Saturday, March 19, 2011

Day 75: Stranger Danger

My danger seeker ironically also happens to be my stranger danger baby.

With few exceptions, most family and friends get a look of terror, the world's cutest quivering lip and waterworks, sometimes even when he's in my arms. Of course he eventually warms up, but the initial interaction is nearly always challenging for him. If you've interacted with him and haven't experienced this, you're one of the special few whose energy must really put him at ease from the start.

Jackson never went through a phase like this, so I'm learning as we go. It's no stretch to accept that he wants to stay with me, but somehow the small part of me that's socially trained to think "polite" means compromising yourself to make sure no one ever feels uncomfortable still exists, and it stirs up a compulsive need to apologize or make excuses for him, sometimes even try to coax him into warming up before he's ready.

It seems so minor to us because our established relationships tell us there's nothing to be scared of, but to him it's clearly a major emotional upheaval and should be honored as such. So he's giving me lots of great opportunities to practice kind authenticity.

There is a "nice" way to honor his feelings and advocate for him. Although whether or not it's received as polite is up to the person involved, I suppose. But since a big part of how it's received has to do with whether it comes from a place of acceptance or resistance, I have a pretty significant say in the matter.

Am I focused on resisting a person's desire to take him from me or interact too soon? Or am I putting my energy into accepting his need for security and time to get reacquainted? The latter puts everyone at ease, especially him, so I'm working to stay present during these chaotic interactions instead of slipping into default and choosing the former.

I want to send Max a clear message that his feelings are valid and simultaneously show him that the person we're with and the environment we're in are safe. With a little practice, and a little patience from our family, I think we're getting there.


  1. I think the way you are working with Max is brilliant. :)

    I was brought up to respect children and not to make them come to me if they havent met me before. I take the time to let them get to know me and soon enough I end up with a lap full of kids. People get nervous around new encounters and children are little people. Would we expect another adult to rush over and hug us if we had only just met? I dont think so! So why do some people expect children to react that way? Its crazy when you take the time to think about it.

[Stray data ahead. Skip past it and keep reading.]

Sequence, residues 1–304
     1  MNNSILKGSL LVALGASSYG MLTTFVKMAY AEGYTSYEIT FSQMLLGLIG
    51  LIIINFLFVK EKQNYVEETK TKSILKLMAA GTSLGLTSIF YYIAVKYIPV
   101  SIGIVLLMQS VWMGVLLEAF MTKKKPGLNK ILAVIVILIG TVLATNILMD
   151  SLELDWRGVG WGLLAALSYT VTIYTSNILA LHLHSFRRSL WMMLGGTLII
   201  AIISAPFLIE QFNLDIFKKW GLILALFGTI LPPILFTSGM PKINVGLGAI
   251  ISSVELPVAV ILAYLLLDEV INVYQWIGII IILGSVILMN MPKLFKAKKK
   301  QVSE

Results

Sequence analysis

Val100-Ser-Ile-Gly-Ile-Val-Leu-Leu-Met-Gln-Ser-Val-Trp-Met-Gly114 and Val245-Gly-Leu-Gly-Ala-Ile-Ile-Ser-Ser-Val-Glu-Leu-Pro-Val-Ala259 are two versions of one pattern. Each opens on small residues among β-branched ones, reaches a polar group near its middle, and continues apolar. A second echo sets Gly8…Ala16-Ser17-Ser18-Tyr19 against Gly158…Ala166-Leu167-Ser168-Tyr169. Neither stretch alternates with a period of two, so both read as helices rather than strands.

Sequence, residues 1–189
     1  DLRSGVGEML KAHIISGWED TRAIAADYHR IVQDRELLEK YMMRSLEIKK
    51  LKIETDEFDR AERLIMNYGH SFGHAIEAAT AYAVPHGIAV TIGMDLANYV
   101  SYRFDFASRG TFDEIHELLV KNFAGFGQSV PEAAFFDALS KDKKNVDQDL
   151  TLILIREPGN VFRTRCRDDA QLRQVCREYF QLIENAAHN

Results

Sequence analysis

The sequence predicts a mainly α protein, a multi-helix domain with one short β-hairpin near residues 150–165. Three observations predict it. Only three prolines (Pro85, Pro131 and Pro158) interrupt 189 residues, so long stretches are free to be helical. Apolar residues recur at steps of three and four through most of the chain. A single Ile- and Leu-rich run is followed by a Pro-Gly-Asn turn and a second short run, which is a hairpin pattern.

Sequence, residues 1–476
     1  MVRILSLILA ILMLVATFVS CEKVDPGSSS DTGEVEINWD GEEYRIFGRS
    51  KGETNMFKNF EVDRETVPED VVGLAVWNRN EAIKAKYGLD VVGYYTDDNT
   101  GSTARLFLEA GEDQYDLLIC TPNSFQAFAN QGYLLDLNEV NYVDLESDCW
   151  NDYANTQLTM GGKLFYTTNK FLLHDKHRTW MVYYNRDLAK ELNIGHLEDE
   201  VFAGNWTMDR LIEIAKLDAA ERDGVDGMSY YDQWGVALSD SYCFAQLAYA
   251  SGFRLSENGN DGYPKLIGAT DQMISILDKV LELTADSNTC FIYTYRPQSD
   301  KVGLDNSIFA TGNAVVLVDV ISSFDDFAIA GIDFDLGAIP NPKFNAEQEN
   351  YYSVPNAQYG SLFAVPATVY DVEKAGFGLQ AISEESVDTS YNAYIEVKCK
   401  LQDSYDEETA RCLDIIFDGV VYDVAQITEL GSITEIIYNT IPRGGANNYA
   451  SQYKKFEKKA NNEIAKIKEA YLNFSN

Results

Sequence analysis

Anyone who thinks the child is being impolite is pretty egocentric if you ask me! (Hmm... time to get off the Soapbox, lol)

  2. It does seem like common sense, but then common sense isn't common, right? :) Fortunately for us, all of our family and friends have been very patient. It's really just that initial excitement at seeing him and getting a little too intense and/or coming at him too soon...sometimes not even that! lol

    We don't have any "just give him to me" types to deal with thankfully. And so as usual the tug of war is really just with myself and letting go of all the "shoulds" you take in growing up - like he "should" be comfortable with these people or I "should" help them feel better about his crying (as if they're being rejected by my baby?) instead of helping him feel validated and protected. I'm sure none of them think he's impolite, and probably not even me - although many of them grew up in the age where you just passed your baby around without respect to how the baby felt about it, so they might think it's a little strange that my kids are always with me.

    Btw, soapboxes always welcome here! Haha :)

  3. Out of my three girls, Alayna was the only one who had that "stranger danger". I did not go very far her first two years, however now at the ripe ole age of 4.5, she is as bubbly as they get!

  4. Caleb had the same problem and still does once an awhile... Most of my family members understood and gave him time to warm up but others had no clue and would try to bombard him right away... So annoying and i got the same feelings like i had to apologize or feel bad that he acted that way when really the adult should have known better... I think what you are doing is great... Andrea Eaton